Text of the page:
Charlie Ward, a 6'1" sophomore and the leading contender to succeed Casey Weldon as the Seminoles' first-string quarterback next season, is busy starting at point guard for the basketball team. Football coach Bobby Bowden had scheduled spring practice to begin in the second week of March, but the ACC tournament runs from March 12 to 15, so Bowden has invoked what he calls "the Charlie Ward rule" and postponed spring practice indefinitely.

"We'll delay as much as we can for Charlie," says Bowden. "But we can't delay past a certain point. I definitely want him out there, but I'm not going to take him away from basketball."

Ward may be unavailable to take snaps for quite a while longer if Florida State keeps playing as well as it has been and fares well in the NCAA tournament. The Seminoles were 10-5 in the ACC and 18-8 overall through Sunday.

A big part of the Seminoles' success has been the play of Ward, who leads the ACC in steals, and of junior guard Sam Cassell, who is the team's leading scorer. They have made the Florida State backcourt the quickest part of an exceptionally quick team. "You can't appreciate their incredible team speed on film or television nearly as much as you can when you have to go against it," says Wake Forest coach Dave Odom. "It just surpasses anything we've had in this league."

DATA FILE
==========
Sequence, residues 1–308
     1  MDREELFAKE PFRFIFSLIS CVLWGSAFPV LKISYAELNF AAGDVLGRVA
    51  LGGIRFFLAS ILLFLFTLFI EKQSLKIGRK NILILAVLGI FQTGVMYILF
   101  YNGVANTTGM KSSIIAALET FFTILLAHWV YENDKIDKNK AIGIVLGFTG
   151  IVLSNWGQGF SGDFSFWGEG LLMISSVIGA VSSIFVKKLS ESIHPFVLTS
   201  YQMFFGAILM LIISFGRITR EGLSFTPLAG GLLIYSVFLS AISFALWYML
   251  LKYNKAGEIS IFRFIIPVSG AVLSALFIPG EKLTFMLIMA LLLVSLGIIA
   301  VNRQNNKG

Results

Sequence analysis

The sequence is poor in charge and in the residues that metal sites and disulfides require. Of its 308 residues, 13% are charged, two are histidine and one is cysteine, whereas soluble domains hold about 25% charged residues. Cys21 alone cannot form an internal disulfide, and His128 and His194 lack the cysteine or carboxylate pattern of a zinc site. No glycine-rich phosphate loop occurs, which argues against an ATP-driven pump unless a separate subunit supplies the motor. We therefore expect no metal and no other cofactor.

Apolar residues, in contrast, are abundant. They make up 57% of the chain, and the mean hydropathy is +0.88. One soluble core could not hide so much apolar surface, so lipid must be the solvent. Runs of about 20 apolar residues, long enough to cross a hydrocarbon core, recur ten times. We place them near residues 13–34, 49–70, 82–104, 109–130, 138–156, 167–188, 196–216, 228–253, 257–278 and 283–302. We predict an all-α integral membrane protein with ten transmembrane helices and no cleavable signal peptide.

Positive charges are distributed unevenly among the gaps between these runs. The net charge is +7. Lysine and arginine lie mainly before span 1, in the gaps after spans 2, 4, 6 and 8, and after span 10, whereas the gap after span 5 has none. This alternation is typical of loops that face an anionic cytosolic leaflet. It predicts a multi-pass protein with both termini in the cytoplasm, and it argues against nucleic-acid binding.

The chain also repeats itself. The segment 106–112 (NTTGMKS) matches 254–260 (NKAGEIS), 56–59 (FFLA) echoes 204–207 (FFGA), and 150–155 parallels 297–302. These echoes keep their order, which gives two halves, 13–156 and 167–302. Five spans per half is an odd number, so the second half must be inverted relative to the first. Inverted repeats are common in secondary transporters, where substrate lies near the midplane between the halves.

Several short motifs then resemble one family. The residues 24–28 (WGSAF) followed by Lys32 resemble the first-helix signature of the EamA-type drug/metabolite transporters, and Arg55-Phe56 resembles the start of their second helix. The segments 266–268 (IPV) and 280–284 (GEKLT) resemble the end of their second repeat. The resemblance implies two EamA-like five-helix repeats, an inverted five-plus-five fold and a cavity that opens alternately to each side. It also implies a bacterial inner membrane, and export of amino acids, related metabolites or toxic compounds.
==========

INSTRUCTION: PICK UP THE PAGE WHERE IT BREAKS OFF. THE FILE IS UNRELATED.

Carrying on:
Low-Budget Powerhouse

As the No. 1-ranked junior college in the country and the defending national champion, Aquinas of Nashville has to be considered the king of juco basketball. But the Cavaliers (26-3 through Sunday) don't exactly travel like royalty. When Aquinas qualified for the national junior college championship tournament in Hutchinson, Kans., last season, there was no money in the school budget for the trip. To keep costs down, the Cavaliers traveled the 750 miles to the tournament by bus, searching out all-you-can-eat restaurants on the way, with coach Charlie Anderson placing some of the costs on his personal credit card.

"The total we spent on motel rooms, food, travel and championship rings for the players was about $19,000," Anderson says. "But we were lucky enough to get back about that much in contributions."

The Cavaliers will have to depend partly on donations if they reach the tournament again this season, which seems likely. Two Aquinas sophomores, forward Amos Gregory and point guard Greg Watkins, are among the country's best juco players at their positions. Gregory is a 6'8", 270-pounder who is being recruited by several SEC schools, among others. He spoke earlier this season with Shaquille O'Neal, LSU's junior center, who told Gregory that he planned to return to the Tigers next season and urged him to sign with LSU.

At the moment the Cavaliers are more concerned with getting back to Hutchinson. If they make it, Anderson is sure of one thing. "The players will take the bus," he says. "But I'm flying."

The Days That Time Stood Still